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Logistics? Of language programs? “Say what…?”
In Part 1, Part 2, and Part 3, we talked about how to train and sustain language proficiency more efficiently and reliably. Getting that right can radically improve the economics of professional language programs in government, industry and academe.
Just as transformative to the economics is changing when and where people teach, train and sustain. We call that “logistics.”
Let’s take the “Organization ABC” Remote Enhancement Program as an example. It’s a real-world example, although we’ve changed the name. It’s actually quite common that we aren’t permitted to use the real names of certain customers such as sports teams, well-known companies or government organizations.
Organization ABC has people all over the world that they’ve identified as being skilled in a language that the company considers valuable. ABC pays these employees a bonus to keep their language(s) sharp. Periodic testing confirms that skills are indeed still strong enough, and the company even offers a six-week language refresher course at Silicon Valley headquarters to those who feel they need the boost.
New to their mix is a “remote language enhancement” option. Instead of coming back to HQ for six weeks of full-time training, personnel stay where they are and do training part time. The remote option is twelve weeks instead of six, so twice the calendar time. But remote students only do four hours per week instead of full-time instruction. Three of those hours are work on Transparent Language Online and other independent computer-delivered activity. The remaining hour is spent doing intensive communication with an instructor in a virtual classroom.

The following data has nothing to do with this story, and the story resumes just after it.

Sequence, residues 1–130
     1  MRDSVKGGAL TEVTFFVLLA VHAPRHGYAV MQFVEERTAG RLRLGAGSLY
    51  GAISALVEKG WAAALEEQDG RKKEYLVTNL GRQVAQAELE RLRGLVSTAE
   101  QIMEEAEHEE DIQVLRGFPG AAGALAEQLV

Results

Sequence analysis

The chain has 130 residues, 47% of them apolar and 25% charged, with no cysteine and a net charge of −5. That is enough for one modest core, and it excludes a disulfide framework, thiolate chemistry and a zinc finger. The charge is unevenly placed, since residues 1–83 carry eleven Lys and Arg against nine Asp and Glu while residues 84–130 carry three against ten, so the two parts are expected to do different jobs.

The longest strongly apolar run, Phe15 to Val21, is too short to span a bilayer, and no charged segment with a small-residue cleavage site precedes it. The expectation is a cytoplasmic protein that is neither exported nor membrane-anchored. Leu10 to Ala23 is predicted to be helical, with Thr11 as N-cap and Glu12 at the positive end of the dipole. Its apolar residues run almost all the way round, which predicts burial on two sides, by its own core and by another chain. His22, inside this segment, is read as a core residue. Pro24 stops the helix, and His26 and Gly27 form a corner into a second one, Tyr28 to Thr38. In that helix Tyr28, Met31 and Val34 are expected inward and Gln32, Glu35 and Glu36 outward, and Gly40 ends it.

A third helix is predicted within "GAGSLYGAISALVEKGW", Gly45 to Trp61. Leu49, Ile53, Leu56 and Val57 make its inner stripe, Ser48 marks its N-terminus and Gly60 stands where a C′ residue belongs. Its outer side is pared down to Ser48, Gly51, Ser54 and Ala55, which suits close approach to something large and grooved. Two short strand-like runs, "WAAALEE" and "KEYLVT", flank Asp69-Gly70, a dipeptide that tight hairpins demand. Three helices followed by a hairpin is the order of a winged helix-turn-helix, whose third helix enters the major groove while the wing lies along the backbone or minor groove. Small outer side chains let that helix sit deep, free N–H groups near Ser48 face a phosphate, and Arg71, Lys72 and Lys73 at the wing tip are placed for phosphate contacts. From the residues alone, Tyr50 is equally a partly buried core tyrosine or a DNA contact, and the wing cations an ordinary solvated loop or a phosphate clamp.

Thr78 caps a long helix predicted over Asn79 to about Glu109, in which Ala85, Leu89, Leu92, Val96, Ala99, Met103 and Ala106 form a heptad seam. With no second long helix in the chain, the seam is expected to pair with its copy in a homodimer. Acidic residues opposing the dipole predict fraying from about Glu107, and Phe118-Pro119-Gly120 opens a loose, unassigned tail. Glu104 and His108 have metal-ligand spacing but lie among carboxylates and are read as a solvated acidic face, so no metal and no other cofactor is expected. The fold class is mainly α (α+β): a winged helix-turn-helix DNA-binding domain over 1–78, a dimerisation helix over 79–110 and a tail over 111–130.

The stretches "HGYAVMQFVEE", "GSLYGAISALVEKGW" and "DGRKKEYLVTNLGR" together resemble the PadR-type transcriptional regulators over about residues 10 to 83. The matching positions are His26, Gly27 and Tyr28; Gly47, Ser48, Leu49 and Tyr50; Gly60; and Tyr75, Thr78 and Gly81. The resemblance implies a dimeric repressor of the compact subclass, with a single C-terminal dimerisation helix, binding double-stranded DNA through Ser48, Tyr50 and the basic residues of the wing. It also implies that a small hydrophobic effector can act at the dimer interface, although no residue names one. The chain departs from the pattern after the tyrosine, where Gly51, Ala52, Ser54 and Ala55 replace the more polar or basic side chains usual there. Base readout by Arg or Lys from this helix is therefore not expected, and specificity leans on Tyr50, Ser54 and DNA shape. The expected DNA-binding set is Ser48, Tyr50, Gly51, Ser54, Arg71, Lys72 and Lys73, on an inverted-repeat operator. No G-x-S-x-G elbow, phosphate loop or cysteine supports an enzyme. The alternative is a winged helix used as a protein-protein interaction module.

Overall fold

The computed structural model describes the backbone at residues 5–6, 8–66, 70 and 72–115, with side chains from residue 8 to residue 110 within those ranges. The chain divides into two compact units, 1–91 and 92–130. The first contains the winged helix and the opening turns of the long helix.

Astonishingly, the remote program is delivering proficiency gains just as strong as the traditional classroom program, even for less motivated students (as we’ll discuss in Part 5). Astonishing because the costs (travel, payroll, lodging, instruction, facilities) of the remote program are more than 90% less, and the disruption of removing a key person from the team is completely eliminated.
Everyone agrees that language skills are important and valuable. Even so, if language training takes too long and costs too much, many enterprises will try to find a way to do without. Declarative Acceleration Blended Learning (See Part 3) is making language training more effective and efficient, which means that more people will want to learn, and more bosses will support them. We love it.